By the time he was 20, Hen­der­son and his younger brother were well-es­tab­lished dope deal­ers. Hen­der­son said he ap­pre­ci­ated the easy money but never felt com­fort­able in the life­style and was al­ways wor­ried his par­ents would learn what he was do­ing.

He also would go rab­bit hunt­ing and sell what he killed to peo­ple he knew in Miami.

“It was like a break from the streets,” he said.

In Jan­uary 1995, re­turn­ing from a trip to Miami to sell rab­bits, Hen­der­son stopped at a bar to get a set of keys from his brother. Friends there told him that his brother had been picked up by po­lice and was in jail.

One buddy, Sly, of­fered to give him a ride to his home. Nei­ther man made it there.

As Sly's car ap­proached the home where Hen­der­son lived with his par­ents, men bran­dish­ing shot­guns sur­rounded the car and de­manded that they get out. They com­plied Sly on his side and Hen­der­son on the other.

What­ever the men wanted, Hen­der­son thought, he'd give it up.

``Don't buck the jack,'' he said, ex­plain­ing that the term meant not talk­ing tough to a man with a gun pointed at you. Then all hell broke loose.

“I heard gun­shots on (Sly's) side of the car,” Hen­der­son said. “I was like, `Man, they shot Sly.' I heard a guy at the back of the car say, `Blast they ass!’”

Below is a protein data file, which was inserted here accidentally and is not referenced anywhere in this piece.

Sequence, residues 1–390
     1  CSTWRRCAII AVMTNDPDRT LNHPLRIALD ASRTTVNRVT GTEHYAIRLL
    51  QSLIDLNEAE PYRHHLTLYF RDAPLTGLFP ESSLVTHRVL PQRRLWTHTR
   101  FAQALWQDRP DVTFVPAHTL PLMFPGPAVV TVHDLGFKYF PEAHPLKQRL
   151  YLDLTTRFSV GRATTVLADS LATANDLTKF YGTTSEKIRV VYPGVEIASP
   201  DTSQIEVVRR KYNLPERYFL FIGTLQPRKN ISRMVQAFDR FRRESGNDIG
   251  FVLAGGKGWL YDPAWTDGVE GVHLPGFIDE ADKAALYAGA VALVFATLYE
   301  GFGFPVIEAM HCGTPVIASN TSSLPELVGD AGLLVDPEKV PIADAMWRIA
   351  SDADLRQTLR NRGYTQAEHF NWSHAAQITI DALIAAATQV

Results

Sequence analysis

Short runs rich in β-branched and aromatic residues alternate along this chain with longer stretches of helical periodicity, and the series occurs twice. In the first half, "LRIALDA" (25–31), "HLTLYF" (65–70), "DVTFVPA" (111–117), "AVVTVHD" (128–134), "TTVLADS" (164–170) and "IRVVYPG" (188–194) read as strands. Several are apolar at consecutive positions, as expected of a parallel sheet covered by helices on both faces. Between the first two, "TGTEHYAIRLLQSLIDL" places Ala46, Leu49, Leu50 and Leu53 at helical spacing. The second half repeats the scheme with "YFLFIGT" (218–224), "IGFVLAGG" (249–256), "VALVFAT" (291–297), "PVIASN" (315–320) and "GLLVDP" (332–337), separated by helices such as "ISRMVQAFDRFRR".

The men fired five shots into Hen­der­son, one in his left leg, an­other in his left arm and five into his right leg. Sly hauled him­self up and went for help, pass­ing, Hen­der­son re­mem­bers rue­fully, house af­ter house while he lay bleed­ing. An un­cle rushed to Hen­der­son as he lay on the ground and whis­pered to him, try­ing to keep him calm.

``I never, ever passed out,'' Hen­der­son said.

First re­spon­ders called for a he­li­copter to fly Hen­der­son to St. Mary's Med­i­cal Cen­ter in West Palm Beach.

Bleed­ing and in sear­ing pain, Hen­der­son said a new fear gripped him when he saw the he­li­copter and its pi­lot.

“I asked the man, `Can you drive me to Palm Beach County?' I was scared of heights,” Hen­der­son said. “The man said, `Nah, I think you want to take this ride right here.”

When Hen­der­son woke up at St. Mary's, he had a pin in his right leg, pain ev­ery­where and guilt weigh­ing down on him. Sit­ting at home with his mother some nights, they'd hear gun­shots and he'd see his mother cringe.

He him­self had been shot not far from home. Had his mother cringed hear­ing him get shot?

“To know that she heard the gun­fire, that it was 15 feet from the house, that's what hurt me,” Hen­der­son said.

In ad­di­tion to the guilt and pain, Hen­der­son had an­other bat­tle to fight. Doc­tors had man­aged to sta­bi­lize him with­out am­pu­tat­ing his right leg, but the gun­shot wounds weren't heal­ing prop­erly.

A doc­tor pulled up to his bed­side one day. “He said, `Have you ever heard of gan­grene?' About three days later, I made the de­ci­sion.” Hen­der­son was 20 years old. It was a ter­ri­ble call to have to make, but Hen­der­son said he thought back to the mo­ment those men pointed guns at him. “When I was on the ground, I had made the de­ci­sion I want to live now,” he said. “I want to live.”

Sur­geons re­moved the por­tion of Hen- der­son's leg just be­low his knee. Later, they had to per­form a sec­ond am­pu­ta­tion on the same leg, this one just above the knee.